A prominent Russian member of parliament turned exiled critic of Russia’s president was shot dead in the center of Ukraine’s capital of Kiev on Thursday. One day earlier, a lawyer associated with the family of a murdered Russian whistleblower was grievously injured after falling four stories from his Moscow apartment.
The two cases have brought renewed questions about whether the Kremlin is violently targeting critics at home and abroad.
In both incidents ― the murder of Denis Voronenkov in Kiev and Nikolai Gorokhov’s defenstration in Moscow ― Kremlin opponents were quick to claim that the Russian government played a nefarious role. Ukraine’s President Petro Poroshenko called Voronenkov’s killing a Russian “act of state terrorism,” while Gorokhov’s associate William Browder said the fall was “extremely suspicious” and raised the prospect of foul play.
The impulse to suspect the Kremlin of being behind a political assassination doesn’t come as a surprise, given that opponents of Russian President Vladimir Putin have a well-established history of being fatally poisoned or dying unnatural deaths. But the rush to classify the incidents this week as part of a policy of targeted killings while the facts are still murky also highlights the level of suspicion surrounding Russia’s government.
“Nowadays we’re in a situation where if anyone dies in Russia, or anyone of note who is a Russian [dies], immediately there will be claims that it is a hit,” said Mark Galeotti, a Russia expert at the Institute of International Relations Prague.
These claims are often not unfounded, Galeotti notes. But because of the Russian government’s secrecy, history of alleged killings and increasingly aggressive foreign policy, a climate has also emerged where the Kremlin is immediately a prime suspect in such incidents.
In Ukraine, where pro-Russian separatists are waging a conflict in the country’s east, these allegations are especially common. Ukraine’s government also blamed Russian involvement for an explosion at an ammunitions warehouse on Thursday.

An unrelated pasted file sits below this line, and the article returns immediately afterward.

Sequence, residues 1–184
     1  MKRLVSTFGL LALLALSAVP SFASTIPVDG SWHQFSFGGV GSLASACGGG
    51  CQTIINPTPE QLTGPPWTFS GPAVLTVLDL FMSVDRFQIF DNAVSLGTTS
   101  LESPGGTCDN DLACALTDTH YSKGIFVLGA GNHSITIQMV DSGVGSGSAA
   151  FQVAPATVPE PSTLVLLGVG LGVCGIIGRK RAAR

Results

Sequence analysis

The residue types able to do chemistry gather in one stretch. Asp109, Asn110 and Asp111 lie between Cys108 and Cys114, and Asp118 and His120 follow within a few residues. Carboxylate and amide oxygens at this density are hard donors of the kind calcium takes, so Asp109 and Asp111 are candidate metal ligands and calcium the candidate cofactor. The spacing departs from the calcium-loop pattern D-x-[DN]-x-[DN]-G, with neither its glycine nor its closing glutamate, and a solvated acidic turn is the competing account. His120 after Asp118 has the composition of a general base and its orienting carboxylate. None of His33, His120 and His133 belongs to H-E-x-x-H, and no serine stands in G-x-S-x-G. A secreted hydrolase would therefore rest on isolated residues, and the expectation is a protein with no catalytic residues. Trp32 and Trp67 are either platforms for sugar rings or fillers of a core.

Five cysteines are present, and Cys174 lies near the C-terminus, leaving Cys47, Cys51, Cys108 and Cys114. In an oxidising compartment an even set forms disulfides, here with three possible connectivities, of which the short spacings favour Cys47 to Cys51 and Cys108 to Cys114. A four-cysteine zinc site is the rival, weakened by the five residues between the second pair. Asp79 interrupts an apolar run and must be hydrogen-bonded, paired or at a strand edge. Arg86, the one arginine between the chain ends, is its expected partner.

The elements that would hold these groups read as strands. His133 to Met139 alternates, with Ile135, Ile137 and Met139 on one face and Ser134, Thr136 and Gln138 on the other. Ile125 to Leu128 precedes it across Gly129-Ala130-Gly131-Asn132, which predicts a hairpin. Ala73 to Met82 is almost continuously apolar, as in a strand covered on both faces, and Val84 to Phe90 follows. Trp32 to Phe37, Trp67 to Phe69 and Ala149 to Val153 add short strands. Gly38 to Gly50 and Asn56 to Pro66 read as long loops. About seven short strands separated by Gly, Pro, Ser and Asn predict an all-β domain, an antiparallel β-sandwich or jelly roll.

“It is clear that there is indeed Russian sabotage, there is indeed a Russian policy to put pressure on Ukraine by using violence and terrorist tactics, but not everything is necessarily down to that,” Galeotti said.
Galeotti says it’s too soon to tell the motivation behind the killing of Voronenkov. The attacker ambushed Voronenkov with a pistol in front of the Premier Palace hotel while a Ukraine special forces bodyguard accompanied the former MP. The bodyguard shot and fatally wounded the assailant, who later died in the hospital ― giving authorities no chance to question him.
Voronenkov had been receiving threats since he fled Russia last year along with his wife Maria Maksakova, amid an investigation alleging he was involved in property fraud ― a case he dismissed as politically motivated. In Ukraine, Voronenkov went from being a Putin supporter to a vocal opponent of his former government and president. He gave numerous interviews in which he made comparisons between Nazi Germany and contemporary Russia, or described Putin’s annexation of Crimea as illegal.
Although this would seemingly make him a natural target for Russia, Voronenkov also drew criticism from Ukrainians and Russian opposition members who viewed his about-face as insincere. The Russian government, meanwhile, called allegations of its involvement in the murder “absurd.”
The conflicting statements and details of Voronenkov’s killing have echoes of the incident involving Gorokhov the day before. Russian state media claimed that Gorokhov fell while trying to lift a bathtub up to his apartment, while his associate Browder wrote on Twitter that Gorokhov was “thrown from the top floor.” Gorokhov is the family lawyer of Sergei Magnitsky, who mysteriously died while in Moscow’s custody after accusing Russian law enforcement of committing fraud worth hundreds of millions of dollars.
The opaque nature of these incidents means there’s rarely any immediate evidence or proof of whether the Kremlin was involved. Instead, the rapid reactions from governments and politicians show how heightened current tensions are surrounding Russia in international relations.
“These [incidents] are all Rorschach ink blot tests. They tell you far more about your own expectations than what is in front of you,” Galeotti said.
But given the long list of Kremlin critics who have been killed in recent years ― opposition politician Boris Nemtsov was shot and killed in 2015, for example, and former spy Alexander Litvinenko was poisoned a decade earlier ― it’s not surprising there is such heavy suspicion.
CORRECTION: Due to an editorial error, this article incorrectly suggested that Nikolai Gorokhov had died from his injuries.